Jump to content

  • Log In with Google      Sign In   
  • Create Account

Like
16Likes
Dislike

How To Make Videos For Games

By Kirill Kliushkin | Published Jun 06 2014 10:50 AM in Production and Management
Peer Reviewed by (jbadams, Orymus3, Norman Barrows)

tips videos gaming point video types video idea source materials storyboard voiceover animation music for video audio for video video localization how to advice

Recently we at Alconost were producing several videos for games and, in the process of working with clients, we heard questions again that we had heard before: what should we show, should the video have a voiceover or not, how expensive is it to translate into multiple languages, what source materials do we need, how can we capture video of the screen of a mobile device... To answer these burning questions once and for all, we would like to share with you and give specific examples of how we make videos for games.

We think our experience will be useful both to anyone who is trying to produce video independently and to developers who are outsourcing creation of video for their games.

Here is the video creation process:

Choosing a video type


The first we question we ask our clients is, “Why do you need a video?” Based on this answer, we propose one of the following video types:

- Teaser. No gameplay is shown and nothing specific about the game is said. But we create interest in the game and tease the viewer.

Example: Our teaser for the gloomy and addictive game Darklings 2 from Mildmania


- In-game video. Used as an intro or closing video or cut scene. Can be placed in game reviews as well.

Example: Our opening for Lost In Reefs from Rumbic Studio


- Trailer showing gameplay and game features. Used everywhere suitable for attracting the attention of a potential gamer: in-app advertising, social networks and online media, even TVs at malls/stores.

Example: Our trailer for the multiplayer version of LandGrabbers from Nevosoft


Idea and script


The storyline of an in-game video always follows the plot of the game, a teaser evokes the same feelings and emotions as the game itself, and the trailer immediately dives into the gameplay and the essence of what makes the game special.

When writing the script, we split the document into three columns: Scene Purpose, Video Action, and Voiceover Text.

When writing a script, we start with the “Scene Purpose” column. For each scene we write a one-sentence outline of why the scene is necessary in the video. This could be “Beginning of the video and introduction to the game”, “Main unique feature”, “Engrossing gameplay”, or “Call to action”. So we establish the sequence of scenes and form a bare-bones outline of the script.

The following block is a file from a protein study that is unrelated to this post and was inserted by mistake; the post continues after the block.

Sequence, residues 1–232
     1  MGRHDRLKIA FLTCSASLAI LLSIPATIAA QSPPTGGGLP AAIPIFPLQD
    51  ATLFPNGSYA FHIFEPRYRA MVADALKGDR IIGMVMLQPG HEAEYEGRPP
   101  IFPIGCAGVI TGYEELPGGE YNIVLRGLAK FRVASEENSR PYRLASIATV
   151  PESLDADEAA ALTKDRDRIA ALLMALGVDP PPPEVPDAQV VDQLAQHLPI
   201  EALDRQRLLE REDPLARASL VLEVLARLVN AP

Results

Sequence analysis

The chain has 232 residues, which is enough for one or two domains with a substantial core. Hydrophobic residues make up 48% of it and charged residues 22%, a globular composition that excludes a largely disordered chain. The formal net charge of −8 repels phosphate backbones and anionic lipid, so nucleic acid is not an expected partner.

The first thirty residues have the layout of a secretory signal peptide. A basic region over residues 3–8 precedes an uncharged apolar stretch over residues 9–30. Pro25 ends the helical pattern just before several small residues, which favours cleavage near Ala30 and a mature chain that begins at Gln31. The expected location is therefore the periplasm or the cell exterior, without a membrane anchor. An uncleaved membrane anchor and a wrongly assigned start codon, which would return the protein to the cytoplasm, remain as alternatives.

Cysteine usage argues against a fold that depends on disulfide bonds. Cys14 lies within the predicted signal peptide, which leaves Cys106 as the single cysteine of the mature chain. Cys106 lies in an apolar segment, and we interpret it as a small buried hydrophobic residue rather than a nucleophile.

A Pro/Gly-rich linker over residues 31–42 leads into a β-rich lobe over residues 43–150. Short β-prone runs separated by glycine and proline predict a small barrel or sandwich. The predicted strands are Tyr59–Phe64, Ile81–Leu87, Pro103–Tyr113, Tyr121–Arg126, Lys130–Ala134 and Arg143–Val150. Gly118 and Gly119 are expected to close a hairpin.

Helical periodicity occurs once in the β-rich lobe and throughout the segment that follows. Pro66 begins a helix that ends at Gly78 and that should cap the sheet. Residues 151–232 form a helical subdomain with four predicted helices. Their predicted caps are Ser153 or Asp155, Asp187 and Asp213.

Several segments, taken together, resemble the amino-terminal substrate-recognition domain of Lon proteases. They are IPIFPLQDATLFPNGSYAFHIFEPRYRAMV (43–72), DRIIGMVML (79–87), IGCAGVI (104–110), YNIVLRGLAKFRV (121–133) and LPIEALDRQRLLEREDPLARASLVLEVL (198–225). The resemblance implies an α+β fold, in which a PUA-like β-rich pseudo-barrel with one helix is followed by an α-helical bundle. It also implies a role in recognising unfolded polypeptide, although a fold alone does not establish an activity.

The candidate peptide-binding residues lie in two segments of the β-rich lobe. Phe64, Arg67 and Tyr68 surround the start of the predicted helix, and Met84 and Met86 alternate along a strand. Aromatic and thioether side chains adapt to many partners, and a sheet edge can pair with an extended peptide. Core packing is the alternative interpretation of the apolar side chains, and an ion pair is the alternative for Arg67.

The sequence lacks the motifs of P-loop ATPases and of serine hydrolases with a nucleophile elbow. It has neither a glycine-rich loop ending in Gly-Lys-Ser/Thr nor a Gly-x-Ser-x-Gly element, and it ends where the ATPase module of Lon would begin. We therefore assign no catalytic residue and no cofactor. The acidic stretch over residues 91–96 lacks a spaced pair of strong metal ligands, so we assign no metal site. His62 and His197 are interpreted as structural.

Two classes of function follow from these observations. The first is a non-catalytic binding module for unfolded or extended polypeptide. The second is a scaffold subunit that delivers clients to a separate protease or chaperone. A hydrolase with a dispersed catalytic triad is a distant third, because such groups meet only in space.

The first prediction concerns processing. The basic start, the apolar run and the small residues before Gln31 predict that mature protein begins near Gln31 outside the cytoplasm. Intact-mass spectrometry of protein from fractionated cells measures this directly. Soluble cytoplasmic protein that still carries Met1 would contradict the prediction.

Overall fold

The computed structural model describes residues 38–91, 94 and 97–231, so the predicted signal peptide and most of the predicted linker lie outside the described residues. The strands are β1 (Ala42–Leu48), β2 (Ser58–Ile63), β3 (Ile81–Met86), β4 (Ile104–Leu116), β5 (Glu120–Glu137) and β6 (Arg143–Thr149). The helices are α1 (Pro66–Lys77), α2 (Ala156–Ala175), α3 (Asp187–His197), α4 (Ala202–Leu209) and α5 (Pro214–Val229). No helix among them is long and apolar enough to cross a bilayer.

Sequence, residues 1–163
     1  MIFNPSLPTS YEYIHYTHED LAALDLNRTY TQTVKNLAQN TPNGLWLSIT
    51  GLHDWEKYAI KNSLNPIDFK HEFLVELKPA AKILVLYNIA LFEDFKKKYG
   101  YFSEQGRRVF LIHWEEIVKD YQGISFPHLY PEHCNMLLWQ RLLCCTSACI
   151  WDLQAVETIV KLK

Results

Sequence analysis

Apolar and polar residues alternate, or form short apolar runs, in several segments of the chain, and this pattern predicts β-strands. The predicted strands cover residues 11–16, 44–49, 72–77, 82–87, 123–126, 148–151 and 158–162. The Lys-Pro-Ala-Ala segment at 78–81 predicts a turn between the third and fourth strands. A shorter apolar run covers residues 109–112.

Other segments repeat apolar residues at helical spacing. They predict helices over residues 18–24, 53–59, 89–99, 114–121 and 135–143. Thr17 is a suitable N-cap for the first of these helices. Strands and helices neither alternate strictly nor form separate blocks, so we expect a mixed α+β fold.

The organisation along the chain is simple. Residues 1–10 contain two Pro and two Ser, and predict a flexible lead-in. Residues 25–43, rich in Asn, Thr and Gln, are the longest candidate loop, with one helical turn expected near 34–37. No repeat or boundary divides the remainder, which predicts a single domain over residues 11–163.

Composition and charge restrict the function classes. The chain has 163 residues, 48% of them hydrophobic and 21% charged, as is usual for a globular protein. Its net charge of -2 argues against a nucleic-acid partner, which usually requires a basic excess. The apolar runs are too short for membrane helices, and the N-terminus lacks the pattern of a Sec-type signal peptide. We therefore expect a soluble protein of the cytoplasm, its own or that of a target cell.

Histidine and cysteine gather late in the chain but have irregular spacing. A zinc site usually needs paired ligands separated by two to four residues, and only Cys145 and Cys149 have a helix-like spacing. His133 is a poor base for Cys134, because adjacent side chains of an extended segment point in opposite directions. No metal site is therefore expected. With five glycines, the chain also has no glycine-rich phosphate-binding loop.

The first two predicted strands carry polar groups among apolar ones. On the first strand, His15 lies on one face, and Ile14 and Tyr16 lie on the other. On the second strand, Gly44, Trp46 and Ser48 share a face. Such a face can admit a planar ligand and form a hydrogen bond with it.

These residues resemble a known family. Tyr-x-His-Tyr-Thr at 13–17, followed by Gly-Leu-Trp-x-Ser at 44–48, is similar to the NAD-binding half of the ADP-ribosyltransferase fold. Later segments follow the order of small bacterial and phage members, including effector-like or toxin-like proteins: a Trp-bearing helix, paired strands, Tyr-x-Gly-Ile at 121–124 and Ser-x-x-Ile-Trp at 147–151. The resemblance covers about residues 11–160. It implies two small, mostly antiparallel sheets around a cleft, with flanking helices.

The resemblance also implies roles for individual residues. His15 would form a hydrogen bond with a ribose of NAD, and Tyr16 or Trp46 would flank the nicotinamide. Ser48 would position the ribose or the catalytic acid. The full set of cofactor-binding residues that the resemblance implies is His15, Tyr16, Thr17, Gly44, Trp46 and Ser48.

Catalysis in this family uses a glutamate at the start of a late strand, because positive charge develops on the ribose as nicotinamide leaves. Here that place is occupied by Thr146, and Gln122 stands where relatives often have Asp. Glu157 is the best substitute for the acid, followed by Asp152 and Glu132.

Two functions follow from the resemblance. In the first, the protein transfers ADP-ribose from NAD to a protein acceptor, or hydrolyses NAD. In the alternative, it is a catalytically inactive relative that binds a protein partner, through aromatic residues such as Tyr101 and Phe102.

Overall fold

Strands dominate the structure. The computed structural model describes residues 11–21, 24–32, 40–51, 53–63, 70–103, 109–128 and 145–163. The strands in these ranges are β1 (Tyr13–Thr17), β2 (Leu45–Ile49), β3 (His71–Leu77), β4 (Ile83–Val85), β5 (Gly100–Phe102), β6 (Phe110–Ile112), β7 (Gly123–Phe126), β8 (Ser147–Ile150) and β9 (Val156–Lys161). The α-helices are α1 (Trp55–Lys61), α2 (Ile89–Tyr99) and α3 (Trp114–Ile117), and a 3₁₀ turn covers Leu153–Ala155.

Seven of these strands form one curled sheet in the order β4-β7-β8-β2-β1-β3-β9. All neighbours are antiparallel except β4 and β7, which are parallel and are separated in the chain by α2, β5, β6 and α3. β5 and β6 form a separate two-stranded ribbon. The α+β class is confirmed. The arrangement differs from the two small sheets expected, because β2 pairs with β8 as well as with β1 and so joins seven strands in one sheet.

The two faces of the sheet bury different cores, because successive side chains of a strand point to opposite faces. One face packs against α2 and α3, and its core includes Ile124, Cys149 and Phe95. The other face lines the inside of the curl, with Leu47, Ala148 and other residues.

When there is text only in the Scene Purpose column and the other columns are empty, it is easy to spot and fix any errors in the flow of the narrative.

The amount of detail necessary for describing the video action depends on the talent and artistic flair of the video designer who will be working on the project. For some of our people, all you need to do is write “logo appears with a spiffy animation” and give a link to a reference; in a handful of cases, we have needed to be more specific – “an object appears by increasing the scale with a bounce effect and reduced opacity, with acceleration from the left edge towards the center”, and so on.

Very important: The amount of voiceover text in each scene must match the number of events in the video. Here is how we calculate the balance:
2 voiceover words = 1 second
One major on-screen event = 1–2 seconds.

Source materials


We can, of course, make all of the graphics ourselves. But why spend time and client budget if, during the game creation process, the client has already done enormous work to illustrate the characters, game interface, backgrounds, levels, and other visuals? We can simply take these source materials (layered .psd or .ai files, 3D models, etc.) and add all of the necessary touches ourselves. Oftentimes the graphics provided by the client are entirely sufficient for creating a video.

Example: Sources for Landgrabbers

Attached Image: Sources_Landrgabbers.png

Incidentally, we can recommend a good app for getting video grabs on iOS devices: Reflector (the trial version allows recording up to 10 minutes of video in a single session, which is more than enough for showing gameplay). We have not found an Android equivalent that is quite as convenient, so if you have any recommendations we will be glad to hear them!

Storyboard


The storyboard allows us to visualize the video long before the work is finished.

Depending on how complicated the video is, the storyboard can take on different forms: from a set of hand-drawn sketches to near-stills from the video-to-be. Adding detail to the storyboard means fewer unexpected comments from clients at later stages of work (which means fewer fixes and less time spent). We try to include all of the key scenes in the video in the storyboard.

Example: Storyboard for Darklings
Attached Image: Darklings_Storyboard.png